Only the right methods will result in the perfect cup of espresso.
First and foremost, espresso is made exclusively with professional machinery that can tolerate 1-1.2 bars of boiler pressure, making it possible to reach a supply temperature of 90-92° C, associated with a 9-bar output pressure.
The coffee beans should be ground to order so that, once measured, 25 ml of coffee is produced in 25 seconds as the result of uniform, robust pressure.
Home-brewed coffee has come on leaps and bounds in recent years. You can now recreate the taste and pleasure of espresso at home thanks to innovative automatic or semi-automatic “bean-to-cup” coffee makers.
We are talking about a real ‘barista-style coffee experience’, using fresh whole beans purchased in small quantities from high-end specialists to allow you to brew espresso to your personal preferences or to whip up a great cappuccino just like they do at your favourite local café, ready in a few seconds but from the comfort of your own kitchen.
Thanks to technological advances and increasingly attractive design, coffee-shop espresso can be enjoyed at home in just a few easy steps, without a large time commitment and without the need for barista training or the unnecessary waste generated by coffee pods.
Leonardo Lelli, how have things been going lately in the company that bears your name?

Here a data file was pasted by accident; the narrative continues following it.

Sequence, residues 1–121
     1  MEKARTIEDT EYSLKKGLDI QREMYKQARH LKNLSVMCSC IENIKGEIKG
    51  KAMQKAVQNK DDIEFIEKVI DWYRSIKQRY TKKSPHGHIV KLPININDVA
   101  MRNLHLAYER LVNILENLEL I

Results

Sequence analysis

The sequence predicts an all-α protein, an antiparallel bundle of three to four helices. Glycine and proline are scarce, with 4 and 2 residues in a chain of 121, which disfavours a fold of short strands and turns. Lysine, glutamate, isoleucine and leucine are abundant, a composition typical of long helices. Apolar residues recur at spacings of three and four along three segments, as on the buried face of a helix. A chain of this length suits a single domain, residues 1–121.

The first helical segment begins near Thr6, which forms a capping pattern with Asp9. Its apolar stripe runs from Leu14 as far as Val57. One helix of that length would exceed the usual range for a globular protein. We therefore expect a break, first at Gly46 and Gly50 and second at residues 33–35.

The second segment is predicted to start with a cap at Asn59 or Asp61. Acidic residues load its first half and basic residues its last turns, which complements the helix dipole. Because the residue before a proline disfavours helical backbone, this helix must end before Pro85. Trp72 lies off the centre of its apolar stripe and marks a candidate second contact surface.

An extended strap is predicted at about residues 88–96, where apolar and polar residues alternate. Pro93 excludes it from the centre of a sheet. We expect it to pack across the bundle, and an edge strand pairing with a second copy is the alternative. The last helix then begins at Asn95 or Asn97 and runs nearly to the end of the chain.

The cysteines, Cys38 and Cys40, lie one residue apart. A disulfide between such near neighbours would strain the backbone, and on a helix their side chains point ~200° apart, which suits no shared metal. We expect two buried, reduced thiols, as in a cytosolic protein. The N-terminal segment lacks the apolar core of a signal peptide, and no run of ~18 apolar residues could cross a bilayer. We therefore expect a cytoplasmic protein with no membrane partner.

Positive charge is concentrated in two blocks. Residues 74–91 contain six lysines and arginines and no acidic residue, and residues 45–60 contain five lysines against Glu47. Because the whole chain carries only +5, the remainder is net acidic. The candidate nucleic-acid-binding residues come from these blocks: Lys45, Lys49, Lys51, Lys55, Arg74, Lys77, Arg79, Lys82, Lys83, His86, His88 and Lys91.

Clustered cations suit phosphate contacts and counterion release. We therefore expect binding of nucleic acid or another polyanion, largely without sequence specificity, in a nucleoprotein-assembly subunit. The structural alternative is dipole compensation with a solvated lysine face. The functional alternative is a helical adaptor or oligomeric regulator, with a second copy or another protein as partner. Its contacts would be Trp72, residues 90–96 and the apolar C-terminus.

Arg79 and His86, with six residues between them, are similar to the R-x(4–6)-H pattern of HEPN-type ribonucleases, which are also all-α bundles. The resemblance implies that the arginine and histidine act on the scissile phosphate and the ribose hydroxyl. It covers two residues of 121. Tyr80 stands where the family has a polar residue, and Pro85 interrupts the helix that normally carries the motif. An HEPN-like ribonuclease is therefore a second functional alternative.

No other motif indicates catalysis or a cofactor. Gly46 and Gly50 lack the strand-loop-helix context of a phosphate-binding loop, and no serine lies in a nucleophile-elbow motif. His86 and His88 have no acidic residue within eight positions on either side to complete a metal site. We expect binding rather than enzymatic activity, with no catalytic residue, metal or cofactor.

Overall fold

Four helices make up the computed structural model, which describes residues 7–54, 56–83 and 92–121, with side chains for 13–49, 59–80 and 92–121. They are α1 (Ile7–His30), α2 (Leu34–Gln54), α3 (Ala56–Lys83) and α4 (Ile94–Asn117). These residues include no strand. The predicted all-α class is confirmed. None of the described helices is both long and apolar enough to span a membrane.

For the past 20 years we have set ourselves apart by our passion for continuous study and by offering a range of products that brings micro-roasters to the forefront. To stay up to date, we travel the world, especially my sister Lisa and I, visiting plantations in the equatorial belt where we can study the raw material directly. We then deepen our knowledge on new extraction methods and materials, focusing on important and central details such as the best-performing equipment, the water to be used and how it must be purified to extract the coffee in the best way.
In collaboration with some manufacturers, we are also analysing and investigating new technologies on professional machines to study the so-called “pressure profiles” for espresso, in order to highlight different nuances in the cup according to the fundamental variables that are heat, pressure and extraction time. These variables can now be recreated independently thanks to new machines that enhance the aromatic aspect and smoothness. We want to be even closer to our customers not only during the sales stage but also in after-sales assistance, and, above all, in spreading knowledge about the product, thanks to training and education courses to help them respond to an end consumer who today is much more aware than in the past of how to make a perfect cup of coffee.